President Ravalomanana took office in 2002 with an agenda based on "rapid and sustainable development". He had a large popular victory (his party, Tiako I Madagasikara) won by a landslide in the 2002 elections, winning 103 of the 160 parliamentary seats. However, there is no specific evidence available about the Rapid Results initiative.

Policy

Clear Objectives Good

The objectives of the pilot project were clearly stated: to increase rice production in the four regions in which it was piloted. The outcome was measurable: e.g., “in Boeny region ... rice production increased from 2.5 tons per hectare to 4 tons”. [12] The provisional objectives were to roll the Rapid Results initiative throughout all the rice-producing regions and thereafter to other, relevant areas of government.

Evidence Good

Rapid Results, the programme led Ranaivoson to increase the rice production was begun as a pilot programme in 4 regions of the country, which was then extended to 21 regions.

The management consulting firm, “Schaffer Consulting (formerly Robert H. Schaffer and Associates), … had developed the [Rapid Results] approach for private sector companies and had proposed its use in the public sector as well”. [13] They had been involved in successful World Bank projects and were recommended by the Bank for the rice production programme.

One of the Schaffer consultants worked with Ranaivoson: “via video conference, the participants spoke with Schaffer consultant Nadim Matta about the rice crisis and set the parameters for a pilot project to increase rice production.” [14] Another consultant, who had introduced Rapid Results techniques in Nicaragua, Eritrea and Sierra Leone, provided technical advice.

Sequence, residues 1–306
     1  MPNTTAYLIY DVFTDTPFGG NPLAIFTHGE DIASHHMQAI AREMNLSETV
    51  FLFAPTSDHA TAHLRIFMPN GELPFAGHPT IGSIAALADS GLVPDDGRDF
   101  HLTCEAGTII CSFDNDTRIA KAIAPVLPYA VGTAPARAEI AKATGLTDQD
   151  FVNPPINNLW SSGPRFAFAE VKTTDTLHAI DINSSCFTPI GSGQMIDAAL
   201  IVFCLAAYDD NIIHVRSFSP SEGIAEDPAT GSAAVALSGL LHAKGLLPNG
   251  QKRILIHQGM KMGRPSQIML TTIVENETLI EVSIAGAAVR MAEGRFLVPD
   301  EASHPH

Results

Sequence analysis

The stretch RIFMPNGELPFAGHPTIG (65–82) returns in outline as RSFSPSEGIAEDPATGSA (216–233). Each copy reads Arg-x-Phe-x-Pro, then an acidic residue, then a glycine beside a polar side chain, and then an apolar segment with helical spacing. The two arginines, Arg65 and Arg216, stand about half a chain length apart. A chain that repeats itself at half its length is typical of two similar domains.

Feasibility Good

The involvement of the originating consultancy in the project made the Rapid Results initiative logistically feasible. It seemed to the chief of staff an appropriate response to Madagascar’s rice-growing problem. “Ranaivoson was intrigued by the idea. The programme emphasised concrete goals and tightly-defined results within a short timeframe. In place of collective responsibility, the strategy assigned specific tasks to individuals. Sharp focus, fast implementation and tangible progress took the place of ponderous planning and multiyear timelines.” [15]

Action

Management Strong